Archery in the UK depends heavily on volunteers. It can be a very rewarding activity helping you to meet new people, support clubs and activities or take on new challenge such as coaching or administration.

You will be able to find information on becoming a volunteer and the processes involved with that through this section.

Benefits of volunteering

There are many reasons to volunteer in sport but on the whole people do it as they want to give back to sport.

Developing your skills

Some volunteering opportunities require certain skills. Clubs often provide training or will support you to find the right training. Often personal skills, such as being able to get on with a wide variety of people, being reliable and being enthusiastic are equally welcome as having the right skills.

Skills and qualities you could expect to develop include confidence, self esteem, presenting, managing accounts and budgeting, or event organisation.

Awards and recognition

Archery GB celebrates and recognises volunteers every year through a number of avenues.

Without volunteers, archery would not run the way it does. Volunteers should be thanked informally but they can also be formally recognised for their commitment and contribution.

There are a number of different awards from Archery GB that could be suitable:

  • List of awards presented at AGM
  • ontarget Club & Volunteer Awards

Volunteering opportunities

There are many different opportunities to volunteer in archery:

  • Archery Young Leader
  • Coach
  • Judge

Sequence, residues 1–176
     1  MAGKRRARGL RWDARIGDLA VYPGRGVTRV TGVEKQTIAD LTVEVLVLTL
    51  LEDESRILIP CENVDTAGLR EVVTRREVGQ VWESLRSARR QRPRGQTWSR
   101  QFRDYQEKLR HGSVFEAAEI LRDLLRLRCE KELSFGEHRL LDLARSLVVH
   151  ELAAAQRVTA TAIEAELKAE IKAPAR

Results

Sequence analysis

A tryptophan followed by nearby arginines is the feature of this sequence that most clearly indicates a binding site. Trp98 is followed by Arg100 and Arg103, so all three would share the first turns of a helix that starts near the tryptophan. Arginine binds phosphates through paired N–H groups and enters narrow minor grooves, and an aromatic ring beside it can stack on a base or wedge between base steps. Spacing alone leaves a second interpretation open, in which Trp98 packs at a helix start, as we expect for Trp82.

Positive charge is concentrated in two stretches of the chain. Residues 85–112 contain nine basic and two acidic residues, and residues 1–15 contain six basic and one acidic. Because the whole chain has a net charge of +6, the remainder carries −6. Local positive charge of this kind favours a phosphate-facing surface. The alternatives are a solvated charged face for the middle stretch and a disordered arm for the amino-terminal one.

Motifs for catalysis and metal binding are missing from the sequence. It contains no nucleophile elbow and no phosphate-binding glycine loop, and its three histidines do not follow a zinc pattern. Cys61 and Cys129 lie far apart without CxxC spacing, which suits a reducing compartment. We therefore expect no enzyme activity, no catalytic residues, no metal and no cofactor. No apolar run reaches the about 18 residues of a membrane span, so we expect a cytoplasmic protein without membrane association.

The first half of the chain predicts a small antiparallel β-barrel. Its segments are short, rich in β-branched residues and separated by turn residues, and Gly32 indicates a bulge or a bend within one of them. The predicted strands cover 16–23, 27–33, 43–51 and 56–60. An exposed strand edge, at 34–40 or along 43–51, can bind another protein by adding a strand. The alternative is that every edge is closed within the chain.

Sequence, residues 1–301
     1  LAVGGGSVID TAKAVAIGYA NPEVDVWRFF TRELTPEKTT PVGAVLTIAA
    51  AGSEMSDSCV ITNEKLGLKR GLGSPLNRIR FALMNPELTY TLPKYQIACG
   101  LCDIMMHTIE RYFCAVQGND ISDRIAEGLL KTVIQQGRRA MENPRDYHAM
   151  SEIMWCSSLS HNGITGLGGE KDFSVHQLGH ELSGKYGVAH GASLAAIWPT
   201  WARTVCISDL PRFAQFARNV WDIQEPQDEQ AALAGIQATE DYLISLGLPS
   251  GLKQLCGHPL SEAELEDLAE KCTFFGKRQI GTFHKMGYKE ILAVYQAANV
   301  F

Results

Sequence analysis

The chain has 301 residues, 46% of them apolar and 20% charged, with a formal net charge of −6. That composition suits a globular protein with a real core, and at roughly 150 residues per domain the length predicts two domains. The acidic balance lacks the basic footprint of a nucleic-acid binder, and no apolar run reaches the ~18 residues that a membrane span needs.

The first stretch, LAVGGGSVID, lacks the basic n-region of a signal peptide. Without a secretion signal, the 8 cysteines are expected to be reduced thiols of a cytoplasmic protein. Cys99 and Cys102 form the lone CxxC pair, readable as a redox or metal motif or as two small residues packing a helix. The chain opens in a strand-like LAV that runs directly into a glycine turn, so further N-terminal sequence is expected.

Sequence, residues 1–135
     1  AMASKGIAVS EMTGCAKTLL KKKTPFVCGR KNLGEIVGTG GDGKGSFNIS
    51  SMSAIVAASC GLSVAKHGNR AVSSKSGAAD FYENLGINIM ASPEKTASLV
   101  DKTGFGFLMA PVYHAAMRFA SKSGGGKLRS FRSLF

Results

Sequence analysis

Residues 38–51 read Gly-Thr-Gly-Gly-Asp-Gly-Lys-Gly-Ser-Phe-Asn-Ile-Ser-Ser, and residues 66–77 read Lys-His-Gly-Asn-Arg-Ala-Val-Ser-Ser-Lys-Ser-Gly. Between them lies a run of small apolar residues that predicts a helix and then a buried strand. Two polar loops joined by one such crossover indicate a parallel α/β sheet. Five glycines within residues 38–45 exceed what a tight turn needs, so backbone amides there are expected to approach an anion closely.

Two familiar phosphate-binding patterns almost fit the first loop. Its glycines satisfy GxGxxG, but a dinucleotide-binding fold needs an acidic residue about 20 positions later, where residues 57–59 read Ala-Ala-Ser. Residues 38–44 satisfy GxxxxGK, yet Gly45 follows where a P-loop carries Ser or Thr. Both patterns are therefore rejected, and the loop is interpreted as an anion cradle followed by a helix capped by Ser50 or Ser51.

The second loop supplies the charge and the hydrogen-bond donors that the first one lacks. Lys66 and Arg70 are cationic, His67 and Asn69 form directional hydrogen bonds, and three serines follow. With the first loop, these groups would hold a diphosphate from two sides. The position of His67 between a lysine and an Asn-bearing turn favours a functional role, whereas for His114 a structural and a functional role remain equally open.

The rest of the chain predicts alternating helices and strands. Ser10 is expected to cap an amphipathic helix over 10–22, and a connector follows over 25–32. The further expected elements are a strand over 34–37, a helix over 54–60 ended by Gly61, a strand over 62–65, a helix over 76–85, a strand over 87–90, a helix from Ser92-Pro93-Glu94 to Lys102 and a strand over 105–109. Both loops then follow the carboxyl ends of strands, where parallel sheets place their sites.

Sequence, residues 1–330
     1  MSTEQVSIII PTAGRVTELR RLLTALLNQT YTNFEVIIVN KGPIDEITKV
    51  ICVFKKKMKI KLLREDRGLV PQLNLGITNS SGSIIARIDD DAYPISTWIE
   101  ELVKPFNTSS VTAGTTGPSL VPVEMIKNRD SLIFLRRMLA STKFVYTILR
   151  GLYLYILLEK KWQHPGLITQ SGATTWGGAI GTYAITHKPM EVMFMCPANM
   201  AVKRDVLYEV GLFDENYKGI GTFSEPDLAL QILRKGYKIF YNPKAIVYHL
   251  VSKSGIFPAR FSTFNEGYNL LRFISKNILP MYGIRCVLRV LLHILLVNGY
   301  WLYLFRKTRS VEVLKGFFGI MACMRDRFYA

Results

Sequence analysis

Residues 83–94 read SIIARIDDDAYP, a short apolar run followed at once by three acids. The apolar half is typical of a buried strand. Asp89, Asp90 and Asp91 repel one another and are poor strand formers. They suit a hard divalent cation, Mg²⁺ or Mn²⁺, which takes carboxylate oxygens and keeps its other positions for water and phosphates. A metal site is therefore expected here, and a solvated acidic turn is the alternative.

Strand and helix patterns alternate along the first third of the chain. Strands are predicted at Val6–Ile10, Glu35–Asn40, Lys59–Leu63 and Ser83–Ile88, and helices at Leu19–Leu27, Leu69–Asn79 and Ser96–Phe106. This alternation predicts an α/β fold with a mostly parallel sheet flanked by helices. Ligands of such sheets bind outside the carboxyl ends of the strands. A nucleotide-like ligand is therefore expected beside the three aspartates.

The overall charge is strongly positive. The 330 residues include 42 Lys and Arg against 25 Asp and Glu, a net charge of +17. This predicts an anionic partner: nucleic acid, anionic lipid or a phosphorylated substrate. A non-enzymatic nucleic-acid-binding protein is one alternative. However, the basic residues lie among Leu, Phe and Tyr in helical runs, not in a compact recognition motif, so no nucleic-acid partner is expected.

• Club development
  • Committee member – Club, County or Region
  • Working party – setting up local and national competitions and making sure they run smoothly. Please email if you would like to volunteer at a national event.


Club Matters – Keeping a sports club up and running often falls on the shoulders of a few key individuals. Club development can be a challenging task, especially if you’re one of the few people at your club actively thinking about it. Registering for Club Matters will not only make your life easier, but if you encourage your wider committee / club members to sign-up as well, it will help you share updates, resources and ultimately get more people at your club thinking about its future. Registration is completely free and only takes a few minutes. For more information visit:

County sports partnerships – County sports partnerships ( CSPs ) are networks of partners who are committed to increasing sport and physical activity across a county area. Most of the CSPs have web space dedicated to supporting local volunteers or due to their partnership nature are able to point you in the right direction of clubs, groups and societies who may need volunteers.

Local volunteer centres – With 380 volunteer centres across the country, support is available for volunteers who are keen to get involved with sport but are not sure how. There is also support for clubs, groups and societies who need and manage volunteers:

National Association for Voluntary and Community Action – NAVCA supports local infrastructure organisations who offer resource to voluntary and third sector organisations.

Case Study

BBC Unsung Hero Winner

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